conditions we treat


Tendinitis is a condition where a tendon becomes inflamed from overuse or excess stress on the tissue.

When this is treated early, recovery is often a short and uncomplicated process. Tendinitis can occur throughout the body.

Types of tendinitis include:

  • Biceps tendinitis
  • Hamstring tendinitis
  • Gluteal tendinitis
  • Rotator cuff tendinitis
  • Achilles tendinitis
  • Quadriceps tendinitis
  • Patellar tendinitis (jumper’s knee)
  • Medial epicondylitis (golfer’s elbow)
  • Lateral epicondylitis (tennis elbow)


Experiencing pain or instability? Get to the root of the problem and book a visit with our Eden Prairie and Edina chiropractors today.

What is tendinitis and how is it treated?

Tendinitis is a condition where a tendon becomes inflamed from overuse or excess stress on the tissue.

When treated early with rest and therapy, recovery is often a short and uncomplicated process. This treatment usually involves ice and pain-free stretching.

If tendinitis is not addressed early, it can turn into a different condition known as tendinopathy or tendinosis, during which collagen or scar tissue build up at the cellular level. Tendinopathies tend to take weeks or months to develop and take much longer to treat to full resolution. 

At Premier Sports & Spine, we specialize in treating cases of tendinitis and tendinosis without the athlete having to take any time off from their sport. We use several forms of sports massage techniques to aid in recovery and maintain or improve  range of motion.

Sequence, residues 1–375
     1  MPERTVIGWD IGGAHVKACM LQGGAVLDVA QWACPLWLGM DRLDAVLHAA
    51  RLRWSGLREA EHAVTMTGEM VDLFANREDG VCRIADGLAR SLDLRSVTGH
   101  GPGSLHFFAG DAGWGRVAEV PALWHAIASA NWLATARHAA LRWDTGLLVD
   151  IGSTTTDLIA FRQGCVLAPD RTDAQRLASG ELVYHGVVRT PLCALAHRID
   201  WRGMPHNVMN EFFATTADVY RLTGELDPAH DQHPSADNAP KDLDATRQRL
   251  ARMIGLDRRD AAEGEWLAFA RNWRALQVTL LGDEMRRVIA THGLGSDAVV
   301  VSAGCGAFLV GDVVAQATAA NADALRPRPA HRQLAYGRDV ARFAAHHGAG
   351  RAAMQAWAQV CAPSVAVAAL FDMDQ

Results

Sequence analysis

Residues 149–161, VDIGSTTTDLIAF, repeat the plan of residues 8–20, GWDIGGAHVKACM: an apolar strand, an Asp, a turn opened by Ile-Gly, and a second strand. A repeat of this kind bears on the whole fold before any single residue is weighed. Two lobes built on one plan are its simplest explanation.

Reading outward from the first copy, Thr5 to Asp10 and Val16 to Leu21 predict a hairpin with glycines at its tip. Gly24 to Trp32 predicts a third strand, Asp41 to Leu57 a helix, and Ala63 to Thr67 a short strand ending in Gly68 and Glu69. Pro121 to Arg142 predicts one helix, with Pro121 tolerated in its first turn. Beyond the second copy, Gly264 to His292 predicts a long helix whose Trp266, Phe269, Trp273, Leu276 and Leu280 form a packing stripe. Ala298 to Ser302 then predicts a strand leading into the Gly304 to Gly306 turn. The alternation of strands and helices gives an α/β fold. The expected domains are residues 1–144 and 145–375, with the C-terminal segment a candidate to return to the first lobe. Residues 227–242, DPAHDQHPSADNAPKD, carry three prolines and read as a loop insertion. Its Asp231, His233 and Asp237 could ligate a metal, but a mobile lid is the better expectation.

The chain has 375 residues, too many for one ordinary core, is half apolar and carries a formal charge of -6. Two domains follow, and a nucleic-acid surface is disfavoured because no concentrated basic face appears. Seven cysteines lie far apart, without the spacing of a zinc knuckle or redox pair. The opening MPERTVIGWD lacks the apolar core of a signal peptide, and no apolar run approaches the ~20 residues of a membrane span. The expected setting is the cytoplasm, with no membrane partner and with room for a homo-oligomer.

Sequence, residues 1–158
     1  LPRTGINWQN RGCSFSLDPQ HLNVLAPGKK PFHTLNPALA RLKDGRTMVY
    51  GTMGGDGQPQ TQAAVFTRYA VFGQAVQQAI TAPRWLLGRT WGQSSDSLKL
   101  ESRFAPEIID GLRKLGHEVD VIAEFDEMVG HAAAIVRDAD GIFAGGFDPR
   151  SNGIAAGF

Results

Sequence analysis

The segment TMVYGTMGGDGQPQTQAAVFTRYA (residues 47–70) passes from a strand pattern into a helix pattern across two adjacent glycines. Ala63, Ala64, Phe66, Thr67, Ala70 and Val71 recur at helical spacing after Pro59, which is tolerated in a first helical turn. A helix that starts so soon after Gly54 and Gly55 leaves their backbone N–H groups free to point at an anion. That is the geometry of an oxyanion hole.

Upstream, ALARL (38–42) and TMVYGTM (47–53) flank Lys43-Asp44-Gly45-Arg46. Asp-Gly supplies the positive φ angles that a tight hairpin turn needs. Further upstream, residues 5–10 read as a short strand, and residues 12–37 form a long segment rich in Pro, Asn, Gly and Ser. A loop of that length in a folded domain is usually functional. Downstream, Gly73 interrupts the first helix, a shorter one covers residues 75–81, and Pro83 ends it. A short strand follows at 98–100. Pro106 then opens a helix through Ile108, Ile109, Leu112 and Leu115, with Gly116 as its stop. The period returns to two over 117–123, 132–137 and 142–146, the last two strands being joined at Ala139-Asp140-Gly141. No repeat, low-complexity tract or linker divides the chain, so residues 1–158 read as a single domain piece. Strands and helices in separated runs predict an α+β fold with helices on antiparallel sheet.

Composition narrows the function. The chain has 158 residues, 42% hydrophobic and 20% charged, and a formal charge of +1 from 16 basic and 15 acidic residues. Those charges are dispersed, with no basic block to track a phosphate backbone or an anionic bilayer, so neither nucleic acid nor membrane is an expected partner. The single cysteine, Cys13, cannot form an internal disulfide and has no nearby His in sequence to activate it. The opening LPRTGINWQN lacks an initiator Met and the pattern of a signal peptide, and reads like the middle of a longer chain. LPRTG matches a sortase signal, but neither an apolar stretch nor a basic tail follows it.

If you’ve had pain in tendons for more than a week or two, it is important to get the injury evaluated and treated quickly to prevent the problem from becoming chronic. 

Tendinitis is not usually a long-term condition if patients follow the physician’s treatment plan. However, it can become chronic when not addressed properly.

What is patellar tendinitis?

Commonly known as “jumper’s knee,” patellar tendinitis is an overuse injury that causes pain ranging from mild to severe and tenderness just below the patella. Anterior knee pain can be sharp when climbing stairs, jumping or squatting. It can also be dull and achy when sitting.

Signs and symptoms of patellar tendonitis include:

  • Anterior knee pain just below the patella
  • Pain made worse with jumping, running, climbing stairs, weight bearing activities
  • Gradual onset of pain
  • Stiffness in the tendon in the morning

A person may even notice weakness in the knee when putting stress on this part of the body. Jumper’s knee can gradually progress and become debilitating, so it is important to see a sports chiropractor if you have ongoing knee pain. Left untreated, it can become a tendinopathy causing chronic pain.

Patellar tendinitis can be caused from many different issues, such as:

  • Muscle imbalances between the quadriceps, hamstrings, and gluteal muscles
  • Poor flexibility
  • Repetitive movements in physical activity.
  • Poor biomechanics which can include the feet, knees, and hips
  • Rapid increases in training and intensity

Patellar tendinitis is traditionally seen in people in their teens, 20s and 30s who perform repetitive jumping movements in sports like basketball, volleyball, soccer, track, and field. 

If you are looking for relief from knee pain caused by patellar tendinitis, contact Premier Sports & Spine today.

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Frequently asked questions

What can you expect from a visit with the sports chiropractors at Premier Sports & Spine? Read about what a visit entails in our FAQ.